Popular Author Alain de Botton Waxes Philosophical About Our Changing Relationship With Nature

mount kilimanjaro birds photo

Shrinking glaciers on Mount Kilimanjaro are among the signs of climate change. Photo: Stig Nygaard / Creative Commons

Dire warnings of the worst winter in decades, if not centuries, so far seem to have come to naught in Istanbul, where we watched the news of the European holiday "snowpocalypse" under sunny skies. Though I'm jubilant about every January day that doesn't require a hat and gloves, there's something disconcerting about the experience, a feeling popular writer/philosopher Alain de Botton described beautifully in a thought-provoking piece for BBC News Magazine."The ecological situation has forever changed our relationship to nature. An unusually warm spring day cannot now be what it was for Chaucer and Wordsworth -- a manifestation of the mystery and power of the non-human realm," writes de Botton, the author of How Proust Can Change Your Life, On Love, and The Art of Travel, among other works. Where once people went into the wild to connect with something greater than themselves, "the equation has [now] been reversed," he writes:

Nature doesn't remind us that we are small, but rather provides chilling, awesome evidence of our size and strength. We glance up to the snows of Mount Kilimanjaro and think of how quickly our coal generators have heated the earth. We fly over the denuded stretches of the Amazon and see how easily we have gashed the planet.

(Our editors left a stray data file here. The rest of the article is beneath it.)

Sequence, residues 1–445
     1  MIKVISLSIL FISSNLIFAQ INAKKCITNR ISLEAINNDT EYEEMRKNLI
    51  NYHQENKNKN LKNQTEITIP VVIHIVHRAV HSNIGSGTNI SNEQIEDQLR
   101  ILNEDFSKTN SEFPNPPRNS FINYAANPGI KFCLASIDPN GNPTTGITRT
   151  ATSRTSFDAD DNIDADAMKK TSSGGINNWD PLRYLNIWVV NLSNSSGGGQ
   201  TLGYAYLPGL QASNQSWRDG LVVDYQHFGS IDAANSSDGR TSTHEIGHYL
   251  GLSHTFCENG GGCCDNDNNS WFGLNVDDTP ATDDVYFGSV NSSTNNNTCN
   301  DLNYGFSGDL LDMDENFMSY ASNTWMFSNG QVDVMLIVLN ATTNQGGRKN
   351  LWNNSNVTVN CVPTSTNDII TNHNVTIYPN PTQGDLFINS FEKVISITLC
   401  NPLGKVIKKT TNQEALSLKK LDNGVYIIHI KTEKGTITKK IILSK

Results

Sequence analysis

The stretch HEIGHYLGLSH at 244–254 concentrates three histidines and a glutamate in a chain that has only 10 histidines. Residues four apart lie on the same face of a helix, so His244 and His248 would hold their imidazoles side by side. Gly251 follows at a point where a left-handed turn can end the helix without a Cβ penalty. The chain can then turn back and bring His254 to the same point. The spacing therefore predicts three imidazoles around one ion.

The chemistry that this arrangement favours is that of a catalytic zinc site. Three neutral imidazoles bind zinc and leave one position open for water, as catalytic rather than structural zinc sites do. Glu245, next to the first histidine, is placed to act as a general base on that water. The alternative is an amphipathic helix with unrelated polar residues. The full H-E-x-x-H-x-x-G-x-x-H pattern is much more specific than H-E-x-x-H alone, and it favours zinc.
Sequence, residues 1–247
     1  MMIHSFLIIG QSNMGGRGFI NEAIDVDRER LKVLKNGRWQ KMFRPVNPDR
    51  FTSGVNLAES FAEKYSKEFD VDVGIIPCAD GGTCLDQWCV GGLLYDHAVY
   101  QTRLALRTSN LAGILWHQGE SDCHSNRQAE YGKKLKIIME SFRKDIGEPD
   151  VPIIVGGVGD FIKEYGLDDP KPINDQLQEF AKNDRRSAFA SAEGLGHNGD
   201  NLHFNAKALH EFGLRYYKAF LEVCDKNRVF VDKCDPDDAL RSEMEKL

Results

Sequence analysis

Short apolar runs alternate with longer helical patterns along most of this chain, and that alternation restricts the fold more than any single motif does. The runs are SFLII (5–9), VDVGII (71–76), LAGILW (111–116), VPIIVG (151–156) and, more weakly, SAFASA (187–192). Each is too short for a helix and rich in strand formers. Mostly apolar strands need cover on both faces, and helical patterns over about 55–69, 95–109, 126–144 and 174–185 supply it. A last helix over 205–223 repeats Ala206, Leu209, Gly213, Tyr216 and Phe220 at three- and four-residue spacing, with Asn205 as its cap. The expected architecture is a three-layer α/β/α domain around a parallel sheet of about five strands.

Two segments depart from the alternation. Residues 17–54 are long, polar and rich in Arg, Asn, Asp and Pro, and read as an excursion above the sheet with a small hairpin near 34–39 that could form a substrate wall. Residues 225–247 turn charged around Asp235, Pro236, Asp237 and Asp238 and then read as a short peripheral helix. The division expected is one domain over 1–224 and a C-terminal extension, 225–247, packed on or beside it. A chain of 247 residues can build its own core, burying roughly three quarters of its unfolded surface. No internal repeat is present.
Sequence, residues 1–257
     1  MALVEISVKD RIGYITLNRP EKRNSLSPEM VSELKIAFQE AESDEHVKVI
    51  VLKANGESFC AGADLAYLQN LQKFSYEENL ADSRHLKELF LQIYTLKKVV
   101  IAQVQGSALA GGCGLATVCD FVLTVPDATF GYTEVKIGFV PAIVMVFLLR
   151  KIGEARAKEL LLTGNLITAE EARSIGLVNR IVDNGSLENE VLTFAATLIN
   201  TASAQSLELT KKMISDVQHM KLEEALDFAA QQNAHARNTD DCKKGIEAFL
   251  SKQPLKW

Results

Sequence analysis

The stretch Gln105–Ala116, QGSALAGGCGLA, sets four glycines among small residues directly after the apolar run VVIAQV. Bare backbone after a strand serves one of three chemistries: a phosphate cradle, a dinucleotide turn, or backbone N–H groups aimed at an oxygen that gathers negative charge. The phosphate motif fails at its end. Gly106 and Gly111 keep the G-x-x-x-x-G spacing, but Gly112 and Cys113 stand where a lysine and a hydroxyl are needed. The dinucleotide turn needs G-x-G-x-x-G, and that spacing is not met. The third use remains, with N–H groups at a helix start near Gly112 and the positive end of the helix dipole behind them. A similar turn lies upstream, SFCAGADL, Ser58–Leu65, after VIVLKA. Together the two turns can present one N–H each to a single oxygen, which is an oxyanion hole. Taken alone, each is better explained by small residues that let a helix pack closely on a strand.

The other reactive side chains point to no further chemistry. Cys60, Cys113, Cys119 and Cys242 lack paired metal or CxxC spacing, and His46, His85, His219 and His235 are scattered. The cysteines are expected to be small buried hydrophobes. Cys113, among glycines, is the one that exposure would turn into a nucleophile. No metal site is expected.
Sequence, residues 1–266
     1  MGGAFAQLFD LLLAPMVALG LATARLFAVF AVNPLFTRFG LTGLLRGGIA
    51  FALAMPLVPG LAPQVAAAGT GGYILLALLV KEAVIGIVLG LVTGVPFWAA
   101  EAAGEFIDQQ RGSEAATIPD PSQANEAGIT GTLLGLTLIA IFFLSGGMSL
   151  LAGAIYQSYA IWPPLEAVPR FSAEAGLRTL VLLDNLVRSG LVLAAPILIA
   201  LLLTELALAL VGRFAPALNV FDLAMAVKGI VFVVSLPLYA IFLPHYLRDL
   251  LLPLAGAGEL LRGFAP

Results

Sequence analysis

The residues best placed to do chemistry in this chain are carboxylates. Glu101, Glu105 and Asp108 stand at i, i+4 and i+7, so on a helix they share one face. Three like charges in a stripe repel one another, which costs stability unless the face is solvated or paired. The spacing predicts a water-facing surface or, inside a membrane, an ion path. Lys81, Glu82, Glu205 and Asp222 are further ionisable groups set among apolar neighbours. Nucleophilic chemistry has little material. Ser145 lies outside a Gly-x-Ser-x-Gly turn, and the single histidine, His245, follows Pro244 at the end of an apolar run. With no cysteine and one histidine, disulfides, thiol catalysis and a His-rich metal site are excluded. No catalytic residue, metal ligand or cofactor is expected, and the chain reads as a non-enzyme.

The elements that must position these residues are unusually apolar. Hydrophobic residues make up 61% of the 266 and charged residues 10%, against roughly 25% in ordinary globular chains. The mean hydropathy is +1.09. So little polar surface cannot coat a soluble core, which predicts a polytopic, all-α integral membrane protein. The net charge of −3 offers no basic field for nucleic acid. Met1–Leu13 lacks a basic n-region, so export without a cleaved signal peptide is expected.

Nature used to terrify us, now we terrify ourselves. We are responsible for the early flowering of those Wordsworthian daffodils. Our fingerprints are all over the uncannily early return of the migratory birds.

Contemplating how climate change is different from threats the human race has faced in the past, de Botton writes that we "have been asked to reconceive of ourselves as unthinking killers" for doing things such as wasting water or traveling by plane -- an indictment that affects us individually but can only be absolved collectively. With people's powers of empathy "stretching to [the] breaking point," he calls on artists to help turn the grim facts and figures into something that will compel action.

More On People And Nature
Do We Really Need Sculptures in Nature to Remind Us of People's Place in It?
People Provide Missing Piece in Biodiversity Puzzle
Forget Caffeine, Connecting With Nature May Be A Better Energy Booster
Good News: Americans are Spending More Time Outdoors
6 Ways Humans are Confronting the Challenge of Life
Nature Makes Us Nicer People, New Study Says
Weird: People Who Visit National Parks are LESS Likely to Support Conservation NGOs
10 Ways to Convince People To Go Green Without Mentioning the Environment

Related Content on Treehugger.com